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A Guide to Creating Accessible PowerPoint Presentations


Creating accessible PowerPoint presentations is an ethical practice and, in some cases, a legal requirement. Accessibility breaks down barriers and is more inclusive to a diverse range of individuals, including those with a disability.

In this blog post we will discuss the importance of accessibility and how to create PowerPoint presentations that everyone can access and use to their full potential.

Why Accessibility is Important in PowerPoint

There are three key reasons why accessibility matters:

1. Legal: There are many countries and corporations worldwide that have legal requirements and mandate the creation of accessible content.

2. Ethical: Creating content that all audiences can access, see, and understand promotes inclusivity and social consciousness.

3. Reach: Presentations that are accessible have a wider reach of audience, which leads to improved communication.

How to make PowerPoint Presentations more Accessible:

1. Text Point Size

Keep your text fonts between the size range of 28 – 40 points where possible. (Use 36 points or greater for title fonts). Anything under the size of 24 points is too small to be comfortably read in most presentation situations.

2. Include Alternative Text for Images

Ensure all images inserted into your presentations have alternative text (Alt Text). Alternative text provides a description of your image, making it accessible to individuals who use screen readers.

3. Ensure Hyperlinks are Descriptive

If you are inserting hyperlinks into your presentation, ensure that every link has a descriptive link text. For example, instead of using “click here” you could use descriptive words that clearly relate to the linked content. The link text you use will be read aloud by screen readers, so this is beneficial to all users.

4. Use appropriate Colour and Contrast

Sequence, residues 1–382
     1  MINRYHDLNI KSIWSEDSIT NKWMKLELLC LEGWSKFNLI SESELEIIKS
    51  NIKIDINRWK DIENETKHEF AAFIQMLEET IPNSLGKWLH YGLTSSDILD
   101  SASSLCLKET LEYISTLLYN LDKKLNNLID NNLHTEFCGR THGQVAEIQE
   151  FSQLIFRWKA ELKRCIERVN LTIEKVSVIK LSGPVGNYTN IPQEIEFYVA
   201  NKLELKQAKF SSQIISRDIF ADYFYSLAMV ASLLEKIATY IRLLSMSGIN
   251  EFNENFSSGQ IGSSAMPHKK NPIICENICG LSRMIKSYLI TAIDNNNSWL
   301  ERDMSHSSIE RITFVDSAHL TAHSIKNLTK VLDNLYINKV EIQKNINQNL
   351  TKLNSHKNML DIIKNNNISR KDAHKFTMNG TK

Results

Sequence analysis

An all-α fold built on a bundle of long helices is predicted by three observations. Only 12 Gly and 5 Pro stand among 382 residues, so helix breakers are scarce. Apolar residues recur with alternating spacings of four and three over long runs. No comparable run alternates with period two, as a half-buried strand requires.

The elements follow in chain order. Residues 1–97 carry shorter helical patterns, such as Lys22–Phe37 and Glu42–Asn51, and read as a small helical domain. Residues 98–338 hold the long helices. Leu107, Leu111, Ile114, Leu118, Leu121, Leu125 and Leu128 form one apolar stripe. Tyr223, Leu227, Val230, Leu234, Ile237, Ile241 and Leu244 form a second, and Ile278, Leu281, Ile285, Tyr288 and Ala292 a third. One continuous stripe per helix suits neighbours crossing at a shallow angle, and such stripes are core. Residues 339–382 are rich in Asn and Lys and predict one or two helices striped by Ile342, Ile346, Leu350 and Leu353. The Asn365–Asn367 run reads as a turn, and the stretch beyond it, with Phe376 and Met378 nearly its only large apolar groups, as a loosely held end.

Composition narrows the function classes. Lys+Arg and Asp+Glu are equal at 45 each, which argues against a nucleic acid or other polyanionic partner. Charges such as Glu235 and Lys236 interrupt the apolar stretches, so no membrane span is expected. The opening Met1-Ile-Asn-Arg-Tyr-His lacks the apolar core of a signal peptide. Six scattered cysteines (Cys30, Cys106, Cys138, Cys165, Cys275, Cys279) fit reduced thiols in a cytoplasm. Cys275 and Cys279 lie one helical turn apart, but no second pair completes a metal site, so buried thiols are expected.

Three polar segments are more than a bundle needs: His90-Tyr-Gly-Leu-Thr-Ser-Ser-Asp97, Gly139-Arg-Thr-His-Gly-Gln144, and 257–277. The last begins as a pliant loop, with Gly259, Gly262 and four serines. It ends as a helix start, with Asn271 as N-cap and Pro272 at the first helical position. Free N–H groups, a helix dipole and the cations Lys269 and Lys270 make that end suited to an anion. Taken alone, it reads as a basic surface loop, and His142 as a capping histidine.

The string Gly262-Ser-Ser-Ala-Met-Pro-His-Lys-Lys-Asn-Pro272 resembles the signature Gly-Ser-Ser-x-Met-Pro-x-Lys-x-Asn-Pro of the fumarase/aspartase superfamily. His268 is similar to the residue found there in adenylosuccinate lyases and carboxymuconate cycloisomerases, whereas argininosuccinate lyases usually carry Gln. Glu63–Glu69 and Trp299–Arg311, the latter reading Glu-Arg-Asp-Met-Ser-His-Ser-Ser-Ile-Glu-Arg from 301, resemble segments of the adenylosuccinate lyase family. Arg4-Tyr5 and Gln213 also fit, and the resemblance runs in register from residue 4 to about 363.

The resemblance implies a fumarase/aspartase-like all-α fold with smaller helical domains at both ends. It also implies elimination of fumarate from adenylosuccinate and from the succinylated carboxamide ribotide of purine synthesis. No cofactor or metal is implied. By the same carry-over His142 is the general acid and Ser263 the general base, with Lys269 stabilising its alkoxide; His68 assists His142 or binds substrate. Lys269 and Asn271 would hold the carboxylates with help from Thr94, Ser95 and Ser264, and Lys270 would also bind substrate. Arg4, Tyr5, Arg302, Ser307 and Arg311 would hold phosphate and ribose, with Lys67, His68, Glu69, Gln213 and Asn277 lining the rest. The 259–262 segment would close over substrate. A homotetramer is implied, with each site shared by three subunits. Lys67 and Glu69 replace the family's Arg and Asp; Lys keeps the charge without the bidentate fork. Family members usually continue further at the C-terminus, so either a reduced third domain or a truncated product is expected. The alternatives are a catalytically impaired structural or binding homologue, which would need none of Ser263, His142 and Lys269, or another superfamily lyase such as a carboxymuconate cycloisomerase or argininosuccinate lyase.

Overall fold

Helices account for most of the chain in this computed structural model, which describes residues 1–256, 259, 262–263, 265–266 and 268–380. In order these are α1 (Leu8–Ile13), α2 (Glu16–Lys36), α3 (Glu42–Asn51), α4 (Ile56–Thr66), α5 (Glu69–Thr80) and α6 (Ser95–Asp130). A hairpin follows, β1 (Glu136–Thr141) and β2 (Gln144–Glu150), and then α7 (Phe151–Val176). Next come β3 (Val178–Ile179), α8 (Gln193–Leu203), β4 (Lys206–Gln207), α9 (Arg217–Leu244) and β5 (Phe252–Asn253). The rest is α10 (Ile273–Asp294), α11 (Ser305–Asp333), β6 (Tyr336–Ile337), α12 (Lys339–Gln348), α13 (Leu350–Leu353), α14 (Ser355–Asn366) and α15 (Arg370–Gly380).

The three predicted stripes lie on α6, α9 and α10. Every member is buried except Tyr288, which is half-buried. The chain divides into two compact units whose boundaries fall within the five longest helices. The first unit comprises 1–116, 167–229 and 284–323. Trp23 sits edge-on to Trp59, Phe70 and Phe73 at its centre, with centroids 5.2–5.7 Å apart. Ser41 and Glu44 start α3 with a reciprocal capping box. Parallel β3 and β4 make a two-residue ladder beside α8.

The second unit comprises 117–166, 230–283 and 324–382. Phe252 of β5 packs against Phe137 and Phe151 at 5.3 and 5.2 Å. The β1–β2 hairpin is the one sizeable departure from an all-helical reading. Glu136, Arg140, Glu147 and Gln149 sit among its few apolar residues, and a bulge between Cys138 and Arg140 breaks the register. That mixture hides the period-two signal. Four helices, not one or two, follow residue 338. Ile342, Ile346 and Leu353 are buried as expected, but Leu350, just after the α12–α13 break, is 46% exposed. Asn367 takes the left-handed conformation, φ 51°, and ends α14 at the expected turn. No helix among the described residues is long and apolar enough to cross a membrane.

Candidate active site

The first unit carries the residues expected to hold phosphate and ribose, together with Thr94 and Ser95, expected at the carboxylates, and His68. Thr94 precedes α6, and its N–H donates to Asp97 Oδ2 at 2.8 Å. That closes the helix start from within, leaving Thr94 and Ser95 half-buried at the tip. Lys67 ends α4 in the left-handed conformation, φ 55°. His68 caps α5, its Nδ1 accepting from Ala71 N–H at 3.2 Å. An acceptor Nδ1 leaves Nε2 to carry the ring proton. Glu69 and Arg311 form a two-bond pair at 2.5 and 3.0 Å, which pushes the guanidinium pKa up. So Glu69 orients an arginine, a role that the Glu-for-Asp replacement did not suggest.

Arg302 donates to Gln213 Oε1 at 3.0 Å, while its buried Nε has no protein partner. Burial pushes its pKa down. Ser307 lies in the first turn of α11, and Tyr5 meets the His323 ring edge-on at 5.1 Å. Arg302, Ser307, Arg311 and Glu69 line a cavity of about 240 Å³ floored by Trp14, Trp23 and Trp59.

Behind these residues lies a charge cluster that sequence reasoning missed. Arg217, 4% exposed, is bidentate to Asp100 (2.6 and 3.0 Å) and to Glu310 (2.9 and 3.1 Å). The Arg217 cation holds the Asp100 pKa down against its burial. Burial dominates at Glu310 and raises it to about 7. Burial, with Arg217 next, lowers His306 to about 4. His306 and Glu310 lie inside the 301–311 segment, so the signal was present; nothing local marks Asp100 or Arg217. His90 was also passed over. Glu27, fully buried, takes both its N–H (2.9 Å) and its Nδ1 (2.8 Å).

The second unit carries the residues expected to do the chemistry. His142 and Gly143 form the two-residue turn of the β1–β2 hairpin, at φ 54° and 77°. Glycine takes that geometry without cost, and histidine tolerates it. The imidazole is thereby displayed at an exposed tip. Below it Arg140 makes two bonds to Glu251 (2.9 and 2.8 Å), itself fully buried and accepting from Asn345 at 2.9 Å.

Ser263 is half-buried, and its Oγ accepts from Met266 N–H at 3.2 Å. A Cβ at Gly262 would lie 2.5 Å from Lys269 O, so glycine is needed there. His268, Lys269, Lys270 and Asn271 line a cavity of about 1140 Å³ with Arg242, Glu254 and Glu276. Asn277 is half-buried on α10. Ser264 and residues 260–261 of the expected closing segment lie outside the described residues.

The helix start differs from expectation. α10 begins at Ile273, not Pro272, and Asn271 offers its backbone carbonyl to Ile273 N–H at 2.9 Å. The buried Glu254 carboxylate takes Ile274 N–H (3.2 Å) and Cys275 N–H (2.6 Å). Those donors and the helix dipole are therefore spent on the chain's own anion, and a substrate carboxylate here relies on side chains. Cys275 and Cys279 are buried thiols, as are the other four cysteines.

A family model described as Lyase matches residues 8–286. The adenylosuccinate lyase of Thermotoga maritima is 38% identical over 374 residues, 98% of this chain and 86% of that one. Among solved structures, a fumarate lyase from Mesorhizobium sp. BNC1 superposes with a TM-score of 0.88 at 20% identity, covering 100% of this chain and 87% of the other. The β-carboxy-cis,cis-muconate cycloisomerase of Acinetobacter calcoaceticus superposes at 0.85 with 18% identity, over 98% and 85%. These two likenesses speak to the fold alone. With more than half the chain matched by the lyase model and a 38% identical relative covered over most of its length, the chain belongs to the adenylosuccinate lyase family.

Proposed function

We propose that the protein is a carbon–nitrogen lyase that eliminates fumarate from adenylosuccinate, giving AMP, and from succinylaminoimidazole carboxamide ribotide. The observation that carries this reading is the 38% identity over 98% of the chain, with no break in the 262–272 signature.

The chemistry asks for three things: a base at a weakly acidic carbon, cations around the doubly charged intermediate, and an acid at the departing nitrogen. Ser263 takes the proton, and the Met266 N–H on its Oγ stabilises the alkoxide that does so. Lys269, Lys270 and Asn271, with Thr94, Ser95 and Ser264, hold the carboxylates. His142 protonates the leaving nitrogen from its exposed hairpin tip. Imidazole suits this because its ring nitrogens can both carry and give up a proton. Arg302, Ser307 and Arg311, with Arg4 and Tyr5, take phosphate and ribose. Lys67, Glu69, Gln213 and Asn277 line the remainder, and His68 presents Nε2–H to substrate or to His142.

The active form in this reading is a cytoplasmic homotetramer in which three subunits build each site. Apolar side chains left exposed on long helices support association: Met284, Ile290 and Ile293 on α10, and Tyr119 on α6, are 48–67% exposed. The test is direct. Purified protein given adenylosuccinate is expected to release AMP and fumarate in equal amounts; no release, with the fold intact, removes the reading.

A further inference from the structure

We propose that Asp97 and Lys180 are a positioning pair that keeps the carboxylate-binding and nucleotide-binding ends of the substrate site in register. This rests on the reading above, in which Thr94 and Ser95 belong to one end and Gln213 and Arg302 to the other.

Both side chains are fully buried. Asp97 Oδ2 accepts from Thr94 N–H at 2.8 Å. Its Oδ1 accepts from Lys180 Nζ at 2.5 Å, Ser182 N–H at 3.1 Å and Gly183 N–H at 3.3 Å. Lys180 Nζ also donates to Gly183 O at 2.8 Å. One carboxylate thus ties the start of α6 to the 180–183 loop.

Always use good contrast for text and background on each presentation slide. This will ensure your content is digested and read easily by individuals who have a visual impairment. TIP: PowerPoint’s ‘Eyedropper‘ tool can help you check and adjust colour contrast as required.

5. Provide Transcripts

If you have embedded an audio, make sure you include a transcript. Transcripts provide the text version of what is being said in an audio. This will help individuals with hearing impairments understand the content.

6. Use Simple Language

Use clear and simple language. Keep in mind that screen readers will understand content presented via lists, bullet points, simple tables, and charts a lot easier than via long worded sentences.

7. Use the Accessibility Checker in PowerPoint

Before finalising your presentation, run the Accessibility Checker in PowerPoint to make sure your content is easy for people of all disabilities to read. The checker will identify any issues and offer solutions on how to fix them. To run the checker, you select the Review tab > Check Accessibility.

8. Accessible Templates

PowerPoint offers accessible presentation templates. These templates will assist you by making sure your slide content, including colours, contrast, and fonts are accessible to everyone. To find an accessible template within PowerPoint, go to File > New. In the ‘Search for Online templates and themes’ field, type ‘Accessible templates’ and press Enter. Then simply select the template of your choice.

9. Sharing

When sharing content, providing an accessible format such as PDF or HTML is important. TIP: It is advisable that you run the Accessibility Checker before you generate or save your document as a PDF. 

In Conclusion:

By incorporating accessibility into your PowerPoint presentations, you’ll be creating content that is more inclusive and valuable to a broad range of individuals. It is a small effort for such a large and far-reaching impact.